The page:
वितर्कबाधने प्रतिप्रक्षभावनम् ॥३३॥

vitarka-bādhane pratiprakṣa-bhāvanam ||33||

To be free from thoughts that distract one from yoga, thoughts of an opposite kind must be cultivated.

This is the technique of raising an opposing thought-wave in order to overcome distracting thought-waves in the mind. It has already been discussed in connection with the first five aphorisms of Chapter I.

वितर्का हिंसादयः कृतकारितानुमोदिता लोभक्रोधमोहापूर्वका मृदुमध्य अधिमात्रा दुःखाज्ञानानन्तफला इति प्रतिप्रक्षभावनम् ॥३४॥

vitarkā hiṁsādayaḥ kṛta-kārita-anumoditā lobha-krodha-moha-āpūrvakā mṛdu-madhya adhimātrā duḥkha-ajñāna-ananta-phalā iti pratiprakṣa-bhāvanam ||34||

The obstacles to yoga—such as acts of violence and untruth—may be directly created or indirectly caused or approved, they may be motivated by greed, anger or self-interest, they may be small or moderate or great, but they never cease to result in pain and ignorance. One should overcome distracting thoughts by remembering this.

Everything we do, say, oar think, or even indirectly cause or passively sanction, will inevitably produce consequences— good, bad, or composite—and these consequences will react in some measure upon ourselves. Our most secret ill-wishes toward others, our remotest permission of evil done to others, can only end by hurting us by increasing our own ignorance and pain. This is an absolute law of Nature. If we could remember it always, we should learn to control our tongues and our thoughts.

अहिंसाप्रतिष्ठायं तत्सन्निधौ वैरत्याघः ॥३५॥

ahiṁsā-pratiṣṭhāyaṁ tat-sannidhau vairatyāghaḥ ||35||

When a man becomes steadfast in his abstention from harming others, then all living creatures will cease to feel enmity in his presence.

We are accustomed to use the word "harmless" in a rather derogatory sense; it has become almost synonymous with "ineffectual." Yet the perfected harmlessness of the saint is by no means ineffectual—it has a positive psychological force of tremendous power. When a man has truly and entirely renounced violence in his own thoughts and in his dealings with others, he begins to create an atmosphere around himself within which violence and enmity must cease to exist because they find no reciprocation. Animals, too, are sensitive to such an atmosphere. Wild beasts may be temporarily cowed with whips, but they can only be rendered harmless by the power of genuine harmlessness, as every good trainer knows. A lady who was accustomed to handle deadly snakes used to explain: "You see, they know I won't hurt them."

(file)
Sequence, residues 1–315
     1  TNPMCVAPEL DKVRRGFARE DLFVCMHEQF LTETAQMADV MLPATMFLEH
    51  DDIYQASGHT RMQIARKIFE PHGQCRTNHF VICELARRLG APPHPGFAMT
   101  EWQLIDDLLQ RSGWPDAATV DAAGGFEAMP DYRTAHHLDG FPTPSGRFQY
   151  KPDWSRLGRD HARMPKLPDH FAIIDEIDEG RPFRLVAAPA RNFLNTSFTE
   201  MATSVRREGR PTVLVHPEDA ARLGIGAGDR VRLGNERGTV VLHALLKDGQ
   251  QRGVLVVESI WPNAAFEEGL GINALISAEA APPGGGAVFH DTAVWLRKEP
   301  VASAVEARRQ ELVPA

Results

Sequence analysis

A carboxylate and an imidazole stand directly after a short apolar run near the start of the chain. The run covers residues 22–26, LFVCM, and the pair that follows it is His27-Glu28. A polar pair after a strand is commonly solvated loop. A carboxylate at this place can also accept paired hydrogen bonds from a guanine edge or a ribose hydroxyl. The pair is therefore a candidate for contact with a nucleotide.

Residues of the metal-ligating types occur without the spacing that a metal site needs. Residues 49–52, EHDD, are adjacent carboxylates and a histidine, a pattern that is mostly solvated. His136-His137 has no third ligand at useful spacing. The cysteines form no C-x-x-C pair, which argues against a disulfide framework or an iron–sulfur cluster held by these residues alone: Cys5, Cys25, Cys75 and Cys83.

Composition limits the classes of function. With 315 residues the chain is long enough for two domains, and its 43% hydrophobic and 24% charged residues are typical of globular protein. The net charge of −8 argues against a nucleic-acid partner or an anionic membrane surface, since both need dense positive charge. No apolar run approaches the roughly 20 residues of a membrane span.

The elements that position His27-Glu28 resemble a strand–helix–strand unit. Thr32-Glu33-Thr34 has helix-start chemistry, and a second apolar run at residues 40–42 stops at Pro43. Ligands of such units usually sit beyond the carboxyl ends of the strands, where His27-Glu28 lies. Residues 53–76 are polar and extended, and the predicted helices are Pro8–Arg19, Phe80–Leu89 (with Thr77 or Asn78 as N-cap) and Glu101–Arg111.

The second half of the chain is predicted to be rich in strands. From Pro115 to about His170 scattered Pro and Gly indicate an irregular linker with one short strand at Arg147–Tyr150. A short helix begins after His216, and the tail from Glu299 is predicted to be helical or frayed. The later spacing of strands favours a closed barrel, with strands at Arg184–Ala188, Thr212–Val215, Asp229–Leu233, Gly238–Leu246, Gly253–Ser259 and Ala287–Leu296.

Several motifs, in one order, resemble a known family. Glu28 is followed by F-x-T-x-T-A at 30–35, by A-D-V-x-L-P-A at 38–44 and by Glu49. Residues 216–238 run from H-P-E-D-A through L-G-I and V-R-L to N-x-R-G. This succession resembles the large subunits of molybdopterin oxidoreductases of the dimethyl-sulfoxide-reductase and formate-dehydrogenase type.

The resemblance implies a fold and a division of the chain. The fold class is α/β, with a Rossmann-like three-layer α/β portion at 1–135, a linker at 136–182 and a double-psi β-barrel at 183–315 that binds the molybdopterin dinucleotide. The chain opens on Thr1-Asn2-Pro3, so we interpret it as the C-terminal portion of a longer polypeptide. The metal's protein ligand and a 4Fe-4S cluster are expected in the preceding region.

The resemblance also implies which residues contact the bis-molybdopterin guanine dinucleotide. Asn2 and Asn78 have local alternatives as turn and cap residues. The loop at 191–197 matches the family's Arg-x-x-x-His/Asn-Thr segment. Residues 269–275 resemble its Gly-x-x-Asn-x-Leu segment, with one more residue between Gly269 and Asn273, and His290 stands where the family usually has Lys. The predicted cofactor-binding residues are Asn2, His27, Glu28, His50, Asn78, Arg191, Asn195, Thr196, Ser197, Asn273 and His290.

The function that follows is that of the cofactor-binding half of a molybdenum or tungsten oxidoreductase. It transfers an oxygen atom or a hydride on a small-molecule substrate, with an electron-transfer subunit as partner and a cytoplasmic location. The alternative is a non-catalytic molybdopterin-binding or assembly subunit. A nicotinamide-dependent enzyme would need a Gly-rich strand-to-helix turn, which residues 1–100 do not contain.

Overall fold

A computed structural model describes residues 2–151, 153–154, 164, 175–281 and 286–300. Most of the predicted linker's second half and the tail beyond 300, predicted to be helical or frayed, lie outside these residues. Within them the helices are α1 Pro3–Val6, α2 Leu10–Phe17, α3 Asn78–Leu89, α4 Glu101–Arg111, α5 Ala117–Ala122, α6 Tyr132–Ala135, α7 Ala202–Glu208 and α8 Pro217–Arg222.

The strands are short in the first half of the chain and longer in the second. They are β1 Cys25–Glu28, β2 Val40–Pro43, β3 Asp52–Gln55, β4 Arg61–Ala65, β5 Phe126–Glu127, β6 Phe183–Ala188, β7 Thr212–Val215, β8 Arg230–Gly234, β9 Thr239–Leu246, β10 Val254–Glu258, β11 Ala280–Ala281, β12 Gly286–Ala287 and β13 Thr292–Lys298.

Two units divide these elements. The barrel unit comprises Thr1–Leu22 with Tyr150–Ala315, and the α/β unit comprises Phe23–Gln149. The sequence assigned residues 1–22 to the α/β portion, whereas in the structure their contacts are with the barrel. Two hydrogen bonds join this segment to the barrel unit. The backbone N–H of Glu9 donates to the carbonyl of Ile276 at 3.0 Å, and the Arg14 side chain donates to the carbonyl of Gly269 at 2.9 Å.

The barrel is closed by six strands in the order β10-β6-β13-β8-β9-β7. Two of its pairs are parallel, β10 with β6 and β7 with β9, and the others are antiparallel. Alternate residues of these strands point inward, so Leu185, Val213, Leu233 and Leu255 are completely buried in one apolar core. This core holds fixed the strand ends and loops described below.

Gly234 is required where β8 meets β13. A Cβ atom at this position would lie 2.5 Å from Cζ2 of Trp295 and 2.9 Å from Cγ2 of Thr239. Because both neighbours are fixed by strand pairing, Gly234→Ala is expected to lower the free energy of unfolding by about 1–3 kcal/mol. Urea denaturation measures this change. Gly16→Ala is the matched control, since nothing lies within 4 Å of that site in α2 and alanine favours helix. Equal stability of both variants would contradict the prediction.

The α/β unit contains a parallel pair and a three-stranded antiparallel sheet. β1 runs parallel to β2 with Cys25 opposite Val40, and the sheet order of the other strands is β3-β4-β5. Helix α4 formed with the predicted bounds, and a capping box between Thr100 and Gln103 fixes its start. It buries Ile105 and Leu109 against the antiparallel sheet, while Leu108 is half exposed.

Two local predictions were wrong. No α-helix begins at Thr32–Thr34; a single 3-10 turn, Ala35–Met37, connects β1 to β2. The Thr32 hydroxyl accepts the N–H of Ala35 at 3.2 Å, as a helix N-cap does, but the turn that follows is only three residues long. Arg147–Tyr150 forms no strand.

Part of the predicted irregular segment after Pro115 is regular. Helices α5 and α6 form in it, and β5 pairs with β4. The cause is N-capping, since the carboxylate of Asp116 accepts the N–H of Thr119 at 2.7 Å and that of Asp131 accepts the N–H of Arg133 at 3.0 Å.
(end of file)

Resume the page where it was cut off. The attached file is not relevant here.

"The test of ahimsa (harmlessness) is absence of jealousy," said Swami Vivekananda. "The so-called great men of the world may all be seen to become jealous of each other for a small name, for a little fame, and for a few bits of gold. So long as this jealousy exists in a heart, it is far away from the perfection of ahimsa."

सत्यप्रतिष्थायं क्रियाफलाश्रयत्वम् ॥३६॥

satya-pratiṣthāyaṁ kriyā-phala-āśrayatvam ||36||

When a man becomes steadfast in his abstention from falsehood he gets the power of obtaining for himself and others the fruits of good deeds, without having to perform the deeds themselves.

An ordinary man is said to be truthful when his words correspond to the facts of which he speaks. But when a man becomes perfected in truthfulness, he gains control, so to speak, of the truth. He no longer has to "obey" facts; facts obey him. He cannot think or even dream a lie; everything he says becomes true. If he blesses someone, that person is blessed—no matter whether the blessing was deserved or not. He has, in other words, the power of conferring "the fruits of good deeds" in a manner which is not subject to the Law of Karma. He can also perform miraculous cures by simply telling the sick man that he is well.

अस्तेयप्रतिष्ठायां सर्वरत्नोपस्थानम् ॥३७॥

asteya-pratiṣṭhāyāṁ sarvaratn-opasthānam ||37||

When a man becomes steadfast in his abstention from theft, all wealth comes to him.

This aphorism can be explained in two ways. In the first place, when a man becomes free from all feelings of covetousness he no longer experiences the lack of anything; he is therefore in the same situation as the richest man on earth. Secondly, it is true that a lack of desire for material benefits actually seems, in many cases, to attract those benefits. As Vivekananda puts it: "The more you fly from nature the more she follows you, and if you do not care for her at all she becomes your slave."